A close friend lived in Jordan last year and moved back to the US to pursue a career in journalism (Molly Hunter), starting out in New York working the graveyard shift with ABC News. She had a trip planned to return to Jordan anyway to help out with the non-profit she ran over here (Reclaim Childhood), but she had the luck to have it coincide with the fall of Mubarak. Because of this, ABC decided to keep her in Jordan for a week and have her report a bit about what is going on here. Though Molly’s “Marhabas,” “Shukrans” and Arabic counting skills are pretty awesome, she needed someone who could speak some more Arabic to accompany her to downtown Amman to put together a piece about Egyptians living outside of Egypt and the general feelign of Jordanians. Camera in Molly’s hand, and a list of questions that I pre-translated in mine and off we went!
Now, I could literally name about 500 people who would have been better for this job, but my Arabic is good enough that I was able to ask the questions that needed to be asked, and generally understand the gist of what they were saying to ask further questions. We talked to the juice man, the keffiyeh seller, and roamed around the Tailor Souk (a little alley that is just filled with people outside of their shops sewing’mending suits). People were friendly, excited to be on camera, generally willing to talk,or at least willing to point out people who could. I asked questions about the revolution, life in Jordan, democracy in general, and anything else I could think of that I could say in Arabic.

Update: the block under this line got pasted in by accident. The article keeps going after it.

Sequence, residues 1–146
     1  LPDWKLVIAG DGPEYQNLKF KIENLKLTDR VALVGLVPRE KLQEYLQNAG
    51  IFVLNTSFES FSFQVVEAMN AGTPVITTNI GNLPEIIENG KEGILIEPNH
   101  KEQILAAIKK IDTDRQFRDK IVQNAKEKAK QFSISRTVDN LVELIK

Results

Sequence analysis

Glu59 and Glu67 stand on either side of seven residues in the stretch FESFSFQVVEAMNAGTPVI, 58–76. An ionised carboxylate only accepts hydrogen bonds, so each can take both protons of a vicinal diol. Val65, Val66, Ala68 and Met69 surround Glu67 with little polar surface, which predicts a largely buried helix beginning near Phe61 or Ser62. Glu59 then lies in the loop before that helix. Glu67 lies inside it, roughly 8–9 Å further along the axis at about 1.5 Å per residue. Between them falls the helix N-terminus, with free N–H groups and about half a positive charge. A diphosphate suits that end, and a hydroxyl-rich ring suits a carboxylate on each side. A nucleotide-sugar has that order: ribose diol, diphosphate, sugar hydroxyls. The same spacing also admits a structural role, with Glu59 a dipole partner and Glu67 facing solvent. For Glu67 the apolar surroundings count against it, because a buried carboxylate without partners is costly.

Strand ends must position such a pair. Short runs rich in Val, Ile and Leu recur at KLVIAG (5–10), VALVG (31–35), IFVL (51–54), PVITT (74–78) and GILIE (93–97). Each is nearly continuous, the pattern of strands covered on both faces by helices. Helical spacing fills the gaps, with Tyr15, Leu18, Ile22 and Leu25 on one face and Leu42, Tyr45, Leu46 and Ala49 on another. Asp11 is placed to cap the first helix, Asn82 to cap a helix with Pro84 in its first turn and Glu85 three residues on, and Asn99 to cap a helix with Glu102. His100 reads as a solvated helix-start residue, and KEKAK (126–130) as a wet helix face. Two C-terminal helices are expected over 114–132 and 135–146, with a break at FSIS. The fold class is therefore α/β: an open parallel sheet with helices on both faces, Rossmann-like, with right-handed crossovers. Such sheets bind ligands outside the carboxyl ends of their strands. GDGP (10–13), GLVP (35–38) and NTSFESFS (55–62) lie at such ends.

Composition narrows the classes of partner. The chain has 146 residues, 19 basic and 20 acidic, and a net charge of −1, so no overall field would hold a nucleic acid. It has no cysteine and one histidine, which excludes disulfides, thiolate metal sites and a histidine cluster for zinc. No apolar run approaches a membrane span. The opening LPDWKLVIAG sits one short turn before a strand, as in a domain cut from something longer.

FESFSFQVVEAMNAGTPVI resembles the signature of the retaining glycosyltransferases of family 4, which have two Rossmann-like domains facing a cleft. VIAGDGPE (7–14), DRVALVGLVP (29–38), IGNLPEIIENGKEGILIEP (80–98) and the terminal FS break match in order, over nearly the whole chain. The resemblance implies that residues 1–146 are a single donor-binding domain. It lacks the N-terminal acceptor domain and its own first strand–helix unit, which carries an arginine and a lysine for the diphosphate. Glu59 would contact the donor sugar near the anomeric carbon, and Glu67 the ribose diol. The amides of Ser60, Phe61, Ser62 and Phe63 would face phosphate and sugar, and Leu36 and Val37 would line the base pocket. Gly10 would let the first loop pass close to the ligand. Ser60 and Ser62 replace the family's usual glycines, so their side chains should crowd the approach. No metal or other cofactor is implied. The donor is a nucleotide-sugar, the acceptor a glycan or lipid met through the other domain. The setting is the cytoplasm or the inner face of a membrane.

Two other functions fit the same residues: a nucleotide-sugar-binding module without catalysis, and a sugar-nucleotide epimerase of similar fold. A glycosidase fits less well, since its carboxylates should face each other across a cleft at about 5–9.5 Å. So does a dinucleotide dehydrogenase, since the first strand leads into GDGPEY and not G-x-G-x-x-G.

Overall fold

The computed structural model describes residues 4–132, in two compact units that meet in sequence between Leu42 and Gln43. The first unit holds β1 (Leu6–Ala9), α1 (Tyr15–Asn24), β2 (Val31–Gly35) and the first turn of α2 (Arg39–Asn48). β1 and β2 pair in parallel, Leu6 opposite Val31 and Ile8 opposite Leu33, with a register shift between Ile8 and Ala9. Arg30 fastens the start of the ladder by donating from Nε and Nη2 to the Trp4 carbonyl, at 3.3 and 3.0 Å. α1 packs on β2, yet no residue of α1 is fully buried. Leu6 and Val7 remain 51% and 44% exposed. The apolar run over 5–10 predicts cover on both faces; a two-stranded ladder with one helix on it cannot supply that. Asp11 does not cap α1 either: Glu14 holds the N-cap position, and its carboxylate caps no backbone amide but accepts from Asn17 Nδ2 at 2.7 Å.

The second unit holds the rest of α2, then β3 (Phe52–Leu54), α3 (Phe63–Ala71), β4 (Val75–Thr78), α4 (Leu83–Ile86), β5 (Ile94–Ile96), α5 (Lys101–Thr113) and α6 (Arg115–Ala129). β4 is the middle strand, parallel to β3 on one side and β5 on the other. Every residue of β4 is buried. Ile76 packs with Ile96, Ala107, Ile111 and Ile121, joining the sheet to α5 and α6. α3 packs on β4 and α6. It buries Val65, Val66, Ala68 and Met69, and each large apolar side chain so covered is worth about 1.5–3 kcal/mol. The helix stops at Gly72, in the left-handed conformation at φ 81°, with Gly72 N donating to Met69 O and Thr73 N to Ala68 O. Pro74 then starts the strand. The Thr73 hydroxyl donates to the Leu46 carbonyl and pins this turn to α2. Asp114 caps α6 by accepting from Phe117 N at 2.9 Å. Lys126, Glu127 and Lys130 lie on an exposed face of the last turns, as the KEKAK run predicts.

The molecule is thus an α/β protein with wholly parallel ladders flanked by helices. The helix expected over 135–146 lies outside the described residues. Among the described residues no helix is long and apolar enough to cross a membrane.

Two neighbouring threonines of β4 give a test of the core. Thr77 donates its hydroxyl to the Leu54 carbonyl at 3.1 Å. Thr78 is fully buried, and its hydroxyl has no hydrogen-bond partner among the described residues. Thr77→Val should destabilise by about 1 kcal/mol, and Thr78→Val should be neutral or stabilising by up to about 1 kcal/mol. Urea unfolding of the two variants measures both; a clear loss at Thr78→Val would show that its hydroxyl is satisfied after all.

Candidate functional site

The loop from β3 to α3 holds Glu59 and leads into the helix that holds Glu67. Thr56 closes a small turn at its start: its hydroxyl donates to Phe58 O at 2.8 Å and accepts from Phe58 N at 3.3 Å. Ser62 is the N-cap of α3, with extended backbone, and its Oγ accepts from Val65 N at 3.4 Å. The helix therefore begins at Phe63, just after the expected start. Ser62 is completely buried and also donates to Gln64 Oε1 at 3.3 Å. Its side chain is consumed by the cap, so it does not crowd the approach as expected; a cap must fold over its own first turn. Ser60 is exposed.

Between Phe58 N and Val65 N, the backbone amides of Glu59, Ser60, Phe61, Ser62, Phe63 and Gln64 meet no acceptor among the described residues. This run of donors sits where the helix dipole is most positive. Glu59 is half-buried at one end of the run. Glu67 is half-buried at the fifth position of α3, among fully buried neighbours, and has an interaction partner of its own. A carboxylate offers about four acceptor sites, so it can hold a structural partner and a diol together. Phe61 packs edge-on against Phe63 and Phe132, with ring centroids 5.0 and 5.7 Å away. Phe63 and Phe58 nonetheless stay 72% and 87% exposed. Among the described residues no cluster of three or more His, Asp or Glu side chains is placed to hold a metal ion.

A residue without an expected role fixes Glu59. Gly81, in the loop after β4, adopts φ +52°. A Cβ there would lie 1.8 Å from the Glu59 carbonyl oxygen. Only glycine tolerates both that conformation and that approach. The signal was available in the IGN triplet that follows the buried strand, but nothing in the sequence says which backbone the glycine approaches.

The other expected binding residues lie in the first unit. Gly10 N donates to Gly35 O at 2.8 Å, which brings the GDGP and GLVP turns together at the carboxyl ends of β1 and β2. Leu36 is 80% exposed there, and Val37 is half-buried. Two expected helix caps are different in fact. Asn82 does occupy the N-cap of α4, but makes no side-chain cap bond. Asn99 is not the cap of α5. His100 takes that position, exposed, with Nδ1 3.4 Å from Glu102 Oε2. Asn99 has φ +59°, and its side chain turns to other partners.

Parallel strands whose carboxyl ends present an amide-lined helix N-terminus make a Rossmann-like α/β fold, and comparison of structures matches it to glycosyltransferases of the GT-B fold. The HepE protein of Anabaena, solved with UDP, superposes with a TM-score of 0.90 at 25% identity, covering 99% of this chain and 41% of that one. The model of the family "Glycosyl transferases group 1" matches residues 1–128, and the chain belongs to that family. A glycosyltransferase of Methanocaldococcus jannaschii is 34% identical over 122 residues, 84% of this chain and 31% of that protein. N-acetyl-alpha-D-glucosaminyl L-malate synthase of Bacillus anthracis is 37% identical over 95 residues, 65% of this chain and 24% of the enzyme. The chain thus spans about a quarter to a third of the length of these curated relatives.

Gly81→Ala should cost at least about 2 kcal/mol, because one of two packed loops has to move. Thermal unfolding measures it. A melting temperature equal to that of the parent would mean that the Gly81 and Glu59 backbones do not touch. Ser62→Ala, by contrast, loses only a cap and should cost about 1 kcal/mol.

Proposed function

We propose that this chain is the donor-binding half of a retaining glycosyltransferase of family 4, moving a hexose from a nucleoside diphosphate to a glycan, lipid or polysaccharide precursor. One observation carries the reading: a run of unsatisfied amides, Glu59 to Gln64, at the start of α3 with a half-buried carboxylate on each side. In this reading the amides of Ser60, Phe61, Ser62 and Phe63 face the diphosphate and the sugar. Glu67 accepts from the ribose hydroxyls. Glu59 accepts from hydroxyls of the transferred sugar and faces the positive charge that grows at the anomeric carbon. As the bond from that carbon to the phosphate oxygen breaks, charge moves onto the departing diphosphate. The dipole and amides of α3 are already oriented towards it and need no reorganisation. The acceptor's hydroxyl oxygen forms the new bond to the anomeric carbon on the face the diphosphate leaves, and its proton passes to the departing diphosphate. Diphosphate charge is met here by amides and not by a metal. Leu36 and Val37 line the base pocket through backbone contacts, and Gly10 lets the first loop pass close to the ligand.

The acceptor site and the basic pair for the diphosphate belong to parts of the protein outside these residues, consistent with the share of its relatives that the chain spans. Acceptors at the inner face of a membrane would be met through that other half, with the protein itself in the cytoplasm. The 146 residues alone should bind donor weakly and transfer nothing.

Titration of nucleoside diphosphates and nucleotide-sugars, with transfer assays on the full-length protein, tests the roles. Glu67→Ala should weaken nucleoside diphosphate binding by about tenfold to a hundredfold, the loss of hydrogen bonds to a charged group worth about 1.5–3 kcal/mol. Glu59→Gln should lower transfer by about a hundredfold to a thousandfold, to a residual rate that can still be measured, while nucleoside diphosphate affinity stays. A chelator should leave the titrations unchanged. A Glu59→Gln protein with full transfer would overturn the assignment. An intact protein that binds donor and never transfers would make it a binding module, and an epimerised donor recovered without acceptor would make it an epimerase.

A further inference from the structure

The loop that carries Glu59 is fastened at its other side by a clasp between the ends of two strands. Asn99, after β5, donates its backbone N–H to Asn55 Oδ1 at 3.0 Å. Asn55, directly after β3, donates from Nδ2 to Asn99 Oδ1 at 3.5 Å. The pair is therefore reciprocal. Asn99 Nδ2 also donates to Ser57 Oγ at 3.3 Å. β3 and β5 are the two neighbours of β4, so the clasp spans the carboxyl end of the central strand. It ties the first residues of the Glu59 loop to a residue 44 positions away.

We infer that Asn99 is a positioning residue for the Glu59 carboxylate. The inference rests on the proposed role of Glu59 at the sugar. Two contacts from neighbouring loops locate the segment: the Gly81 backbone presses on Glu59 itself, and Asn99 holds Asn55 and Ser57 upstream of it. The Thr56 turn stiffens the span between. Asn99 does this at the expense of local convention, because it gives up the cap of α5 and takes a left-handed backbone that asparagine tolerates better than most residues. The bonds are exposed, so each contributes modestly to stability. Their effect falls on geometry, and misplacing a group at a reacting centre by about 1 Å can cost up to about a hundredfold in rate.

The general sentiment:
- We (as Jordanians) support the people in Egypt in their revolution, but Jordan is a totally different beast. We love the King!
- If the economic times were better, we (as Egyptians) would move back home to be with our families, though we do get to visit a few times a year. The revolution is great, but that’s not the key to me returning.
The final product: After an hour and a half or so of interviewing, we went back to Molly’s place and watched the footage to pick out the good parts so that Molly could send those to a real translator…. all for what was I guess a short 10 second clip that aired somewhat late at night on ABC news. So if you saw a random shopkeeper in Jordan speaking Arabic on ABC News around February 15th, I’m the goofy, super excited foreigner right outside of the shot asking the questions. And as another final product, my general feelings about the political state in Jordan were now supported with some nice sound bytes from real Jordanians. What’s going on in Jordan? Not much.
This was all probably pretty much “another day on the job” for Molly, but I had an absolute blast. I think I may have found something to do if I quit my day job…
Winter term ended this past week and we are midway through one of my favorite (though often depressing) weeks of the year - finals week. It’s one of my favorite because it’s pretty chill for teachers, and the daily pressure of planning class goes on hold. Correcting the exams can be really depressing though because it’s a repeated reminder to me that we as teachers have this delusion that whatever we say or do in class is absorbed by our students - and if it’s not, then it’s their fault. A student got a 33% on the Physics exam… after the curve. I more impressed than perturbed that someone can sit in a class for an entire term and catch on to less than a fourth of what was going on.
But as you can tell from the state of the blog – this is a much needed break. I’m exhausted ,and pumped to be catching up on sleep. The other thing that I’m excited about is that now that winter is over, I can finally put ice in my drinks at the dining hall again. Check out the sage advice from our nutritionist below in the form of a sign that has been on our ice machine all winter…